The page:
The Face within the Digital Milieu by Katharina D. Martin

In A Thousand Plateaus, Gilles Deleuze and Félix Guattari have introduced the notion of the “abstract machine of faciality,” which produces the code of the face. They conceive of the system of the white wall and the black hole as an inescapable code. Deleuze and Guattari clearly state, the face is an interface for a dispositive – and hence a net of political strategies. 1
The visibility of the face is a daily fact and normality. To hide, camouflage, or mask it in public space is a social exception and regulated by law. In the process of face recognition, photos will be searched in cascades, to count and match black and white pixels, in order then to confirm an area which shows a human face. The artist Adam Harvey 2 invented a form of expressive interference through face makeup and hairstyling as a way to deceive the software.

Continue reading “The Face within the Digital Milieu”

Affective Ways of Bioart

When Aesthetics melts with Ethics -by Agnieszka Wolbodo

One of the main reason why today in view of many crises there is such a need and urgency to talk about affect is that is starts form the lack of hierarchical distinction between bodies: human and non-human. This does not mean, however, that there is no differentiation between bodies but only that the notion of agency can belong to any kind of body, sentient/insentient, organic/inorganic, human/nonhuman. Thinking in terms of affect allows us thus to go beyond the anthropocentric privilege of human as the only carrier of agency and meaning.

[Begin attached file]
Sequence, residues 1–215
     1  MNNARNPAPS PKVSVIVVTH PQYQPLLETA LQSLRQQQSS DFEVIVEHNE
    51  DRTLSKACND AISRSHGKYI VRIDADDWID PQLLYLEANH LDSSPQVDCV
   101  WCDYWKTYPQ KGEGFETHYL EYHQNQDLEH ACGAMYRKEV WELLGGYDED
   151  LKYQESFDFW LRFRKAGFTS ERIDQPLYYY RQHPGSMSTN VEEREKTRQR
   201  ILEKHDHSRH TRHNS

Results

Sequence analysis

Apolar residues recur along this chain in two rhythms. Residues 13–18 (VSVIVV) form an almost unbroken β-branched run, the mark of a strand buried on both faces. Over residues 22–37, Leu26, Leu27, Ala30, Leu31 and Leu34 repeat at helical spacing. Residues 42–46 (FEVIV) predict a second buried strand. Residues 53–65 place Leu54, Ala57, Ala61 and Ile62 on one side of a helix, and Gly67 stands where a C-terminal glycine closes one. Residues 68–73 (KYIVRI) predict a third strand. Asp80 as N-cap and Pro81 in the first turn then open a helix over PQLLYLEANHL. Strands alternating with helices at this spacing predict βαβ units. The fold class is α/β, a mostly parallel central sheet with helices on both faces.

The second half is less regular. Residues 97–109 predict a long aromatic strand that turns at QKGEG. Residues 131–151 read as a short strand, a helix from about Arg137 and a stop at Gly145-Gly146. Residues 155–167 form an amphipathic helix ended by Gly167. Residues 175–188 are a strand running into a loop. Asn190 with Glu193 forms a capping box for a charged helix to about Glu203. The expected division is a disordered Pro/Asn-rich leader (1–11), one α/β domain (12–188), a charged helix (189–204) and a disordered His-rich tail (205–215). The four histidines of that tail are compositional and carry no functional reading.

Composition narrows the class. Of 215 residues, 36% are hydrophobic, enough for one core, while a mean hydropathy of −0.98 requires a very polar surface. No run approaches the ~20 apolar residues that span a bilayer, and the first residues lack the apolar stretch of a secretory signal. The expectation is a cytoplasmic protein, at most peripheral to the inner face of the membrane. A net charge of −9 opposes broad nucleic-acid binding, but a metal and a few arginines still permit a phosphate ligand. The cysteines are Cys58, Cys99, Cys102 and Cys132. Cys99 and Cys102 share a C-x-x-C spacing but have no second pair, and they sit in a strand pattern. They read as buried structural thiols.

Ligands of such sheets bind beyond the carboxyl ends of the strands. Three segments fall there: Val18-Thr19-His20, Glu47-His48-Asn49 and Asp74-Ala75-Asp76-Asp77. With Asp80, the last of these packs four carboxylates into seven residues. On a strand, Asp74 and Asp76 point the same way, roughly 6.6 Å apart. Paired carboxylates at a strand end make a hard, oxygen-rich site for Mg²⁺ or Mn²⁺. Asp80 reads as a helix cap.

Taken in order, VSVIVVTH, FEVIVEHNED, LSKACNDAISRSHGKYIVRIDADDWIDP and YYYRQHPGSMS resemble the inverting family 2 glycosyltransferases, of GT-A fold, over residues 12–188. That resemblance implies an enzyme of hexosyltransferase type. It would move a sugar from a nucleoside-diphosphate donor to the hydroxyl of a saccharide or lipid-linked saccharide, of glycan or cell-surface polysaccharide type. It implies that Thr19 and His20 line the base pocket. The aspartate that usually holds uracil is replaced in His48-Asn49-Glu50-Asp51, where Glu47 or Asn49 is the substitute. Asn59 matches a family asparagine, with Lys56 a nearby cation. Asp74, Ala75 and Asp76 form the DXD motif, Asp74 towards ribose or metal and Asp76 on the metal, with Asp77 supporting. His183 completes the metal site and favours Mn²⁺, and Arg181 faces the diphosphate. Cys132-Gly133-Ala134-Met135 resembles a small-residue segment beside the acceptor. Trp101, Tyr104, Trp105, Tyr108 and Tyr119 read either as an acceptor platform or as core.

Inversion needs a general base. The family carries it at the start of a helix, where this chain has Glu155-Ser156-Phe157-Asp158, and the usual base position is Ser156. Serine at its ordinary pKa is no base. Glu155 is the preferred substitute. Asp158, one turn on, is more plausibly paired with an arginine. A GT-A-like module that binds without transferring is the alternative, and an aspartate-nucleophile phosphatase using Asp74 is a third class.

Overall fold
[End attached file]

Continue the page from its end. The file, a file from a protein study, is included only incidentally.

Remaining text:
This turn to affect analyses not only influences studies on bodies and non-human notion of agency but it also leads us to necessity for redefinition of the specificity of art. Grounded in Deleuze and Guattari’s studies, art becomes a total emancipation from representation and narration, finding its way as preservation and creation of sensations, of affects and percepts:
“Affects are precisely these nonhuman becomings of man, just as percepts-including the town – are nonhuman landscapes of nature … We are not in the world, we become with the world.”1

Continue reading “Affective Ways of Bioart”

What does it mean to have an idea

Intuition vs intellect by Sjoerd van Tuinen
According to his most famous sonnet, Michelangelo held that “the best artist has no concept [concetto] which some single marble does not potentially enclose within its mass, but only the hand which obeys the intellect [intelletto] can accomplish it.” This is usually interpreted in hylomorphic terms as saying that the content lies waiting within the marble for its form to be hewn out. Of course, the authority of mannerist texts on art has led to precisely such an interpretation, which is idealist insofar as it would be the task of the intellect to recognize the form of this content and of the obeying hand merely to free it from the surrounding mass. It was precisely in these Aristotelian terms that Benedetto Varchi, a pupil of Michelangelo’s, described the task of the sculptor as an inducing of “form” into “matter,” as a drawing forth of “real” from “potential” existence. But when he complimented his master, “Signor Buonarroti, you have the brain of a Jove,” Michelangelo responded “but Vulcan’s hammer is required to make something come out of it.” 1

Continue reading “What does it mean to have an idea”